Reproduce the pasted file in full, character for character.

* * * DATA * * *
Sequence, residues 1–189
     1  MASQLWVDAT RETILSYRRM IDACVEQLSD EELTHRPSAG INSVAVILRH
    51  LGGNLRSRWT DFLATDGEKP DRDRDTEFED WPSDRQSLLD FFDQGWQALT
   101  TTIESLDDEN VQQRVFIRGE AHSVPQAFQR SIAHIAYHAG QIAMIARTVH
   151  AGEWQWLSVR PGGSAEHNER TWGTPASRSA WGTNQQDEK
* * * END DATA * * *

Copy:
Sequence, residues 1–189
     1  MASQLWVDAT RETILSYRRM IDACVEQLSD EELTHRPSAG INSVAVILRH
    51  LGGNLRSRWT DFLATDGEKP DRDRDTEFED WPSDRQSLLD FFDQGWQALT
   101  TTIESLDDEN VQQRVFIRGE AHSVPQAFQR SIAHIAYHAG QIAMIARTVH
   151  AGEWQWLSVR PGGSAEHNER TWGTPASRSA WGTNQQDEK